Empathy & Anti-Soc Behavior
In psychological literature, the label “antisocial behavior” is customarily utilized to define a host of behaviors ranging from theft to bullying to homicide. Antisocial behavior, however, may take other forms as well, notably prejudicial and discriminatory behavior against members of minorities or other “outgroups.” Or, worse, actual physical aggression, massacre, genocide. These other forms are investigated within other areas of psychology, notably social psychology, and research findings are published, to a great extent, in different journals than those publishing “traditional” antisocial behavior research. In this course we will challenge this division, and by reviewing these two literatures, we will see how empathy, or lack thereof, offers a common denominator; a vantage point from which we can better understand all these forms of human behavior. Specifically, we will consider the possibility that antisocial behavior is facilitated by low levels of dispositional empathy, but also by social psychological processes that actively curtail empathic reaction to others (us versus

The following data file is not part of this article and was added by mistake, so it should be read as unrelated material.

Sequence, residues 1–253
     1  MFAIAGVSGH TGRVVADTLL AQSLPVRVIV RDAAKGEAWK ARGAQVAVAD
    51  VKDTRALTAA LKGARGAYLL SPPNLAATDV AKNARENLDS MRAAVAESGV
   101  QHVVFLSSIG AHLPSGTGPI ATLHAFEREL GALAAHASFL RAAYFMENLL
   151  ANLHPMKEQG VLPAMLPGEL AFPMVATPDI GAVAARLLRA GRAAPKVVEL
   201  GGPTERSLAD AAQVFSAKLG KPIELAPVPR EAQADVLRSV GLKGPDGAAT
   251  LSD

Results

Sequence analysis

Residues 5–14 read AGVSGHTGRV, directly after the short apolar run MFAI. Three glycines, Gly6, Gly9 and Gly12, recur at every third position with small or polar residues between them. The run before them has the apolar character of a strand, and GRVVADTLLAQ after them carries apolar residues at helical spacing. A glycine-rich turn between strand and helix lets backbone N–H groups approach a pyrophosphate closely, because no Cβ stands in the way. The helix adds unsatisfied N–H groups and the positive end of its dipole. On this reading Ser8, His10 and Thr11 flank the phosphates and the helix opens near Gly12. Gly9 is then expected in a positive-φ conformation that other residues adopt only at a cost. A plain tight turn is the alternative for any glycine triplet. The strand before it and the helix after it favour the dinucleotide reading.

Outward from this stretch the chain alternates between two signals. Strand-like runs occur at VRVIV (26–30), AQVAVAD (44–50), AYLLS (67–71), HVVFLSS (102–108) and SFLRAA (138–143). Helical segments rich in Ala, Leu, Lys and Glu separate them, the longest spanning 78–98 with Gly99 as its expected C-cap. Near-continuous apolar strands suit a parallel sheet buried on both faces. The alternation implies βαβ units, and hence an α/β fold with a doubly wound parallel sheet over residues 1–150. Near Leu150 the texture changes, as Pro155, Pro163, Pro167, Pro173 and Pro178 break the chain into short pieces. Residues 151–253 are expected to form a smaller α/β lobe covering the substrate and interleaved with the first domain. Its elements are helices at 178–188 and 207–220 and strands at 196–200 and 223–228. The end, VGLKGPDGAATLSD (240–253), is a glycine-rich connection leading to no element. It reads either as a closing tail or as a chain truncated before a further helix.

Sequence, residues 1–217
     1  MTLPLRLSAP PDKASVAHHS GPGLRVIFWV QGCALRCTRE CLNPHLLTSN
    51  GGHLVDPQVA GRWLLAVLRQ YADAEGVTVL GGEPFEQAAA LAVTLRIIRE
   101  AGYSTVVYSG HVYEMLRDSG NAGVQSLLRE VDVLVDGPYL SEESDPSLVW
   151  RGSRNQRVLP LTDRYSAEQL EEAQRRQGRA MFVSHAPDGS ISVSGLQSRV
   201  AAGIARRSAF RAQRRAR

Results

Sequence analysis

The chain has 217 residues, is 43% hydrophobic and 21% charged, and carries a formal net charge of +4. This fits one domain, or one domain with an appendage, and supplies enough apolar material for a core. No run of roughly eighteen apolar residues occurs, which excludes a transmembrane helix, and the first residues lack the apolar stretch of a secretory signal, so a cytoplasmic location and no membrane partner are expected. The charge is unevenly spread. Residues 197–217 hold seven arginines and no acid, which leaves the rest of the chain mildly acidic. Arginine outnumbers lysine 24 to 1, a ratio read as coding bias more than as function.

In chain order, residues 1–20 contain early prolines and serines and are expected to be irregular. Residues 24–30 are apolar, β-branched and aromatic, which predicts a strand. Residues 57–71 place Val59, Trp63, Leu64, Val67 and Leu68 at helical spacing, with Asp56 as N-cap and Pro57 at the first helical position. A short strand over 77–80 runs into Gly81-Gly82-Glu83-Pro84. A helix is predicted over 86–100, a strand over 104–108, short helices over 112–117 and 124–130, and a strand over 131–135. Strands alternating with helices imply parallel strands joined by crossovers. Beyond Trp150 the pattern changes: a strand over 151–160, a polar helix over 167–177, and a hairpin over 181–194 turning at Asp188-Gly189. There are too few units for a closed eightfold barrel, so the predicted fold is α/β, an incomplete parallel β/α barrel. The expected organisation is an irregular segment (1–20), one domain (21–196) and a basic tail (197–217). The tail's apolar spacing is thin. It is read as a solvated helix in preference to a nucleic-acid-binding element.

them distinction, dehumanization). The discussion of empathy as a thread common to a variety of antisocial behaviors also serves as a bridge between the personality and social psychological literature.